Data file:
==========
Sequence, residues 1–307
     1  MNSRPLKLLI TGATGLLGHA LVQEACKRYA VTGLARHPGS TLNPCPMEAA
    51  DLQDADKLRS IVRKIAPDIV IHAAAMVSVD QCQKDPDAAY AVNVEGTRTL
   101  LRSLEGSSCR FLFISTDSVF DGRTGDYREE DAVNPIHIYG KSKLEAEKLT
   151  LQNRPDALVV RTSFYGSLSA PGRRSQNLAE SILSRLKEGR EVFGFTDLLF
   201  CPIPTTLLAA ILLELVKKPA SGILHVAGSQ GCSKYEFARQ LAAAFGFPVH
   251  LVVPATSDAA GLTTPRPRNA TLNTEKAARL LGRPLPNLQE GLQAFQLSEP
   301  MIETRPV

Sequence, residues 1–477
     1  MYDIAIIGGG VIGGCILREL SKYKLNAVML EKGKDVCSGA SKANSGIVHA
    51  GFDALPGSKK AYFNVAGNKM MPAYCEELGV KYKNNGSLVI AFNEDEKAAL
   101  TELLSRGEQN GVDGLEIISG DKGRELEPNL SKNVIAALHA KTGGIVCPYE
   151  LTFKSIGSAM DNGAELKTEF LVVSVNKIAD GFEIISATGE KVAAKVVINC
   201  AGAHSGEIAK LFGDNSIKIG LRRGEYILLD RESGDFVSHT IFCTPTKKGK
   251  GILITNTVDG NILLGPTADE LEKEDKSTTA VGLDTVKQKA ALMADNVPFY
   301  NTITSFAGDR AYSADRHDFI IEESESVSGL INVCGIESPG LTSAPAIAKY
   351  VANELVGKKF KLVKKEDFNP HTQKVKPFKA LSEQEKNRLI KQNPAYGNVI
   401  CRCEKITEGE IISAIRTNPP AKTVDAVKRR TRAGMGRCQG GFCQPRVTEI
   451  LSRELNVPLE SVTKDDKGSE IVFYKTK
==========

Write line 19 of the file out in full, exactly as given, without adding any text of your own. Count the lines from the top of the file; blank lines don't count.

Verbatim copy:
   451  LSRELNVPLE SVTKDDKGSE IVFYKTK